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To be immediately concrete with a possible question: I've been wondering what the best thing to do is when you're operating heavy machinery, in say a warehouse, a factory or a construction site, and something collapses, explodes or otherwise turns dangerous. examples:

  • You're driving a forklift and you snag a large rack causing it to come crashing down.
  • You're working with an industrial robot and a technical malfunction causes it to start swinging around dangerously.
  • You're lifting something in a flatbed-mounted crane and the crane becomes unbalanced and starts to topple.

This question doesn't pertain to the office, but it does pertain to a workplace, naming a warehouse, a factory floor or a construction site. Would these questions be on-topic?

  • 1
    this seems like a reasonable question to me – WorkerDrone Sep 20 '16 at 16:08
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    As others have answered below a construction site is a workplace so the environment isn't a criteria. But the examples you give here all seem to have more to do with health and safety or technical support which isn't what we deal with here. To borrow Richard's example, "How do I argue for better maintenance of our forklifts?" is fine, "What do I do when my forklift breaks down?" isn't. The answer to the latter is invariable "follow company policy" or "do what you've been trained/taught to do". – Lilienthal Sep 22 '16 at 7:37
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So long as you keep the questions general, and not company specific, or asking on specific advice unique to your position, you should be fine.

Example of a bad questions

My boss is letting the forklifts go too long without maintenance, but it's still within the company guidelines, what do I do?

or

My boss is making me work without goggles or a hard hat, is that legal?

Example of better question:

I am concerned about the maintenance record of the forklifts. We are a union shop, I already reported this to my shop steward. Are there any other actions I could take, as I am concerned about safety?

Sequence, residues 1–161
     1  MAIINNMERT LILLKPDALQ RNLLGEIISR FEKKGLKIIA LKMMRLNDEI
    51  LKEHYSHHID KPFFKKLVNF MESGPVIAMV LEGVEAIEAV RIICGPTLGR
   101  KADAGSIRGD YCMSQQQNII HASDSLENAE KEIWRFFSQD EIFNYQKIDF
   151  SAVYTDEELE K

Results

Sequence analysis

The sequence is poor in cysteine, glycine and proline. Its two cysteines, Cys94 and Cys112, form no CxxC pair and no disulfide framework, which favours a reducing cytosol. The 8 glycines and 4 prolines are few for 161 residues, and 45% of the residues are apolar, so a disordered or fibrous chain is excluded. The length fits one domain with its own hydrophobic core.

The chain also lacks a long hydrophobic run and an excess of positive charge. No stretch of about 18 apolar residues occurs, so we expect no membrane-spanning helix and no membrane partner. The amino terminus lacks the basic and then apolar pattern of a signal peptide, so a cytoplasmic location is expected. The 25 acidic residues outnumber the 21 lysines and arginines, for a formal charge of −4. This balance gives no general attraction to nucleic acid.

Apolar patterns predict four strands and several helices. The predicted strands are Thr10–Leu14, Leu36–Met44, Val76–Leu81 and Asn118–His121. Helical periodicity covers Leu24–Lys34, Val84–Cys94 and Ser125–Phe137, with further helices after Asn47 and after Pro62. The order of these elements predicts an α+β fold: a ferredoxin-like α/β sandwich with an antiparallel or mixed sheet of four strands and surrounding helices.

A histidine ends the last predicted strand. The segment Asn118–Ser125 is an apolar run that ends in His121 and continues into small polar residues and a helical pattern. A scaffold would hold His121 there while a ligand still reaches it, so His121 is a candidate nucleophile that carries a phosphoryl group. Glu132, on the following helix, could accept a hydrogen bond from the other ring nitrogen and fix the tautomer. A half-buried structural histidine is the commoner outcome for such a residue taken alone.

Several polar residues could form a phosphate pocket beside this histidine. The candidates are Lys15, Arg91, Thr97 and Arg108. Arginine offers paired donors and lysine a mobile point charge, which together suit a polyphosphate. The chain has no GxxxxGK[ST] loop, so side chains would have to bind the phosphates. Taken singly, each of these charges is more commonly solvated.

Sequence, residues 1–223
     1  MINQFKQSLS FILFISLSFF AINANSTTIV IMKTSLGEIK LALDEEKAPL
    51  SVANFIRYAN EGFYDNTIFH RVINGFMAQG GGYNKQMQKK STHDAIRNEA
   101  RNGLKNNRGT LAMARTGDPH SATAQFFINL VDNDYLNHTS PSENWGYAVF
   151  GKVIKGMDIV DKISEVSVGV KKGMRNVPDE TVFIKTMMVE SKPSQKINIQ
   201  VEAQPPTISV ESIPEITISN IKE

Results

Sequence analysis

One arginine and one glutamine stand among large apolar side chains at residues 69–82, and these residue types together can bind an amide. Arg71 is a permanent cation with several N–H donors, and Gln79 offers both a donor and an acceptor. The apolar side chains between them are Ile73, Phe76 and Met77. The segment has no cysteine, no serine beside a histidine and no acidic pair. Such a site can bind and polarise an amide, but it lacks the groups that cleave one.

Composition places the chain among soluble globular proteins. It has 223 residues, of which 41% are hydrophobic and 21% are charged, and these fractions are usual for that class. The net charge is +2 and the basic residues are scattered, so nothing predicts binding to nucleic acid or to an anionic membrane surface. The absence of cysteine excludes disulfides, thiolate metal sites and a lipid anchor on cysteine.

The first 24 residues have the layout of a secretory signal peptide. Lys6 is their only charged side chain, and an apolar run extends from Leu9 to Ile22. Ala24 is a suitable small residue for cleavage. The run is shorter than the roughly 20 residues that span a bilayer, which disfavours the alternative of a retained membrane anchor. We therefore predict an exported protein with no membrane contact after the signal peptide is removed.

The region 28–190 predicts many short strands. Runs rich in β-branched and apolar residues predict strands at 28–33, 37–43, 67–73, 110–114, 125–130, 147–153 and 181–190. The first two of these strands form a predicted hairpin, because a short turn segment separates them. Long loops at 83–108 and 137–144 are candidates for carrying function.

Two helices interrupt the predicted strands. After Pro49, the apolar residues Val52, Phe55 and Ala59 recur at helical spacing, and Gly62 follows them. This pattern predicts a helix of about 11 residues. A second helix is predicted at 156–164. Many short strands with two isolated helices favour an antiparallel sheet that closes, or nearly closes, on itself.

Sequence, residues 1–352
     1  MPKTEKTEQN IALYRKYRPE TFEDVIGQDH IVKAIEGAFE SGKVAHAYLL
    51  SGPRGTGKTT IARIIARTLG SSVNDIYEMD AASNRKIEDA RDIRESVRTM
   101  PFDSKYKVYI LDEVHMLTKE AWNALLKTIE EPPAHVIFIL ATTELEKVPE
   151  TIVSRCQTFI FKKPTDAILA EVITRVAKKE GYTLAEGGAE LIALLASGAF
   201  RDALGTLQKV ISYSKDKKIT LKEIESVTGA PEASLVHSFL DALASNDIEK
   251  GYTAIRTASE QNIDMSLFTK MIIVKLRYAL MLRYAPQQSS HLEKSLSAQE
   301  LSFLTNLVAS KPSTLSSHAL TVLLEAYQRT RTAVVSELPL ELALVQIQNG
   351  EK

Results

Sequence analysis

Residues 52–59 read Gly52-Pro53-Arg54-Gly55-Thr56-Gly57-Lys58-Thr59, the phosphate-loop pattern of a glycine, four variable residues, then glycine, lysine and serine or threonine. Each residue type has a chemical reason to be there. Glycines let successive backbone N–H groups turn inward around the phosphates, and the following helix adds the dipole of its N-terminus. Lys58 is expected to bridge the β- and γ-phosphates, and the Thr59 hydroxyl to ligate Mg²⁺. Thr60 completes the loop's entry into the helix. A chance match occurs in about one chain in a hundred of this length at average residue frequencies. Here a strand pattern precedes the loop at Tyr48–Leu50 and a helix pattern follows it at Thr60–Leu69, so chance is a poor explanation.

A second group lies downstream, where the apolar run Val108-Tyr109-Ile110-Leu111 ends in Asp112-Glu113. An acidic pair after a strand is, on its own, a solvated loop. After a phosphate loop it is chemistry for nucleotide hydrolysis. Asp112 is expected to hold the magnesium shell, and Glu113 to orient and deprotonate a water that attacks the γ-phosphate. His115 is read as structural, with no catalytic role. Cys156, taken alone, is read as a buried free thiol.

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As far as I know unless company specific they would be on topic. I would be more than happy to try and answer questions of that sort. I have worked in several industries. The only reason we mostly get office questions, is office workers are our main demographic I would think.

But I have seen a question from a lady who was working as some sort of forest ranger, and another to do with safety gear by an apprentice mechanic.

Personally I'd like to see those sorts of questions, because half my work history is working with my hands jobs, and I possibly emphasize more with their mindset and problem resolution strategies.

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    I agree. I started as a laborer and truck driver, I'd like to see more questions like that as well. – Richard U Sep 21 '16 at 14:24
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As enderland said, we do answer plenty of questions that aren't about a typical office environment, so your question wouldn't be off-topic for that reason.

However, I think your specific question would still be off-topic because it is asking about specific company policy. This safety procedure is something that should be defined by your employer, and all of our answers would tell you to ask your manager.

One way this could be on topic would be if you were trying to write such a safety procedure. We can't tell you specifically what would go in the document, because most of us are not qualified to do so, but we can tell you how to approach finding the information and professional advice you need.

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While many questions here tend to the office environment (given the audience of Stack Exchange), questions like what you are saying probably are on topic.

I would add that in my experience the majority of people here have no experience in working in that sort of environment, so I suspect answers you get may be... less than beneficial. Though in my experience having worked for a factory myself, most companies have explicit safety training and policies about such things and most answers will be to know what your safety procedures are in advance.

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